(Above: The Clothesline, 80 running feet. Images sent by the public and transferred to fabric, vintage household linens, clothespins and clothesline. Click on any image to enlarge.)
Today marks the first anniversary of the historic Columbia flooding. It is also the opening of a Jasper Project multidisciplinary arts event called Marked By the Water. The visual art exhibit includes work by many of my friends, including my mentor Stephen Chesley. My contribution includes The Clothesline. Using my blog and social media, I asked the public to submit images of their flood experiences. These were transferred to fabric and stitched into unique, double sided art quilts and onto both sides of several pieces of vintage, household linens. The installation has eighty running feet and is very flexible. It could have been broken up into smaller lengths or shown in one continuous line. Here, only one side can be seen but hopefully there will be other, upcoming occasions when both sides are visible. I especially line the double row that curator Mary Bentz Gilkerson selected when she sculpted the exhibition.
(Above: The clothespins used in The Clothesline installation.)
The clothespins used for this installation came from the S. Beltline-Gillis Creek Community Relief Foundation, an all volunteer, grassroots effort to assist those devastated by last year's flood. Each clothespin has been altered with the words "Columbia, SC" and "Oct. 4, 2015".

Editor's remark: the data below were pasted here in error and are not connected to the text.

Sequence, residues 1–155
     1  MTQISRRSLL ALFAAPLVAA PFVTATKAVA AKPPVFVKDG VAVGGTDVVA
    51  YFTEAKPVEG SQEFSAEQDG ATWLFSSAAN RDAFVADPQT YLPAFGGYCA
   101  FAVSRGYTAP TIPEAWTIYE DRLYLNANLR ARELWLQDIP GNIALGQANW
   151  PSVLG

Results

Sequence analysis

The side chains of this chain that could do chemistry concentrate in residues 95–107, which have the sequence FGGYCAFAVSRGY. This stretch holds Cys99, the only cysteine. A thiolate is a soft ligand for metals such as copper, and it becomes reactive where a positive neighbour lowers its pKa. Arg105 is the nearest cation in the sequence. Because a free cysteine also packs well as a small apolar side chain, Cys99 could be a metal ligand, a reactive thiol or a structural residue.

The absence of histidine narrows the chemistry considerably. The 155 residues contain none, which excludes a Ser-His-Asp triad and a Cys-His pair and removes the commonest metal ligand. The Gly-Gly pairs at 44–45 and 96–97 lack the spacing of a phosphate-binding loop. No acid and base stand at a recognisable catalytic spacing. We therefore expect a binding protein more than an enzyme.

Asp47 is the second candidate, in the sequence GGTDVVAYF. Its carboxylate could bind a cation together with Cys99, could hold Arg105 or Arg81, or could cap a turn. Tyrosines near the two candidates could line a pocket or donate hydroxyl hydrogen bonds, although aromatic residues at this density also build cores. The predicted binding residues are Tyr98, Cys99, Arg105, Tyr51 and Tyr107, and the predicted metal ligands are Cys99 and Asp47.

Near The Clothesline hangs my three "Flood Poems". I blogged about these unique fiber creations HERE.
I'd like to thank the many people who contributed images to The Clothesline, including Cyd Berry, Cynthia Pierce, Debbie McDaniels, Stephen Chesley, Lyn Phillips, Nicki Ranson, Nancy Gibbs, Jim Tothill, Cal Watson, Susan Felleman, Elliot Edward Powell, Virginia Postic, Stephen Nevitt, Dolly Patton, Eveleigh Hughey, and Saluda Shoals Park ranger Brian.
(Above: Volunteer at the S. Beltline-Gillis Creek Relief Foundation.)
This evening's art event includes poetry readings, a staged essay, the film Rising by Ron Hagell, a Power Company dance installation, a film installation, and an unveiling of a Stephen Chesley painting done after the style of Frederic Church's 1859 unveiling of Heart of the Andes.